I'm not quite sure what your expectations are here. The intermediate int decimal values will in no way correlate to the original long decimal value. If they are only being used as a necessary step to transfer the entire data, then that doesn't matter.
What matters is that the bit representation is maintained.
Say you have a long value of (just for example) 1,582,081.
It's binary representation would be:
00000000 00011000 00100100 00000001
If you then assign that value to two ints with bitwise shifting, you would end up with
high int 00000000 00011000
low int 00100100 00000001
If you then properly recompose that back into a new long, that new long will have the same decimal value as the previous one (assuming the binary representation of that decimal value is the same across any platform transitions).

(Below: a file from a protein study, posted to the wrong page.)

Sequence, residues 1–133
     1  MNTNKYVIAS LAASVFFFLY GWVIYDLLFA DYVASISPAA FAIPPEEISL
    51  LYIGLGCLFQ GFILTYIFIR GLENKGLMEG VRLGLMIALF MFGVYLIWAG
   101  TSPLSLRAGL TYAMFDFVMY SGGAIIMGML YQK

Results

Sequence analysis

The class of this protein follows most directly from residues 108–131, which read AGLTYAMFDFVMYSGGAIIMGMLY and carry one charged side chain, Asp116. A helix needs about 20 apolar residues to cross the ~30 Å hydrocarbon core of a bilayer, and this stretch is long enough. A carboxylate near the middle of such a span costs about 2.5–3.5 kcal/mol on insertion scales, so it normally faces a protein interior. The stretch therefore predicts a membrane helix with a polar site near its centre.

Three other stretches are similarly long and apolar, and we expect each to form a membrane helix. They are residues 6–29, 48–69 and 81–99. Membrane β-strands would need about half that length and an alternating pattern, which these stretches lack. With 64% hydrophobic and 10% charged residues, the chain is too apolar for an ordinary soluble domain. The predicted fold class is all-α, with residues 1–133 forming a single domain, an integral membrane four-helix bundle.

You could use unsigned ints for your intermediate variables and it wouldn't make a difference. You could even use 4 bytes or chars instead.
With -1 as ValueLong I read on serial monitor:
L = 11111111111111111111111111111111
H = 11111111111111111111111111111111
That looks completely correct. Signed ints are stored in a twos complement format. Google it for more info on how twos complement works, and why it's an ideal format to use for signed ints.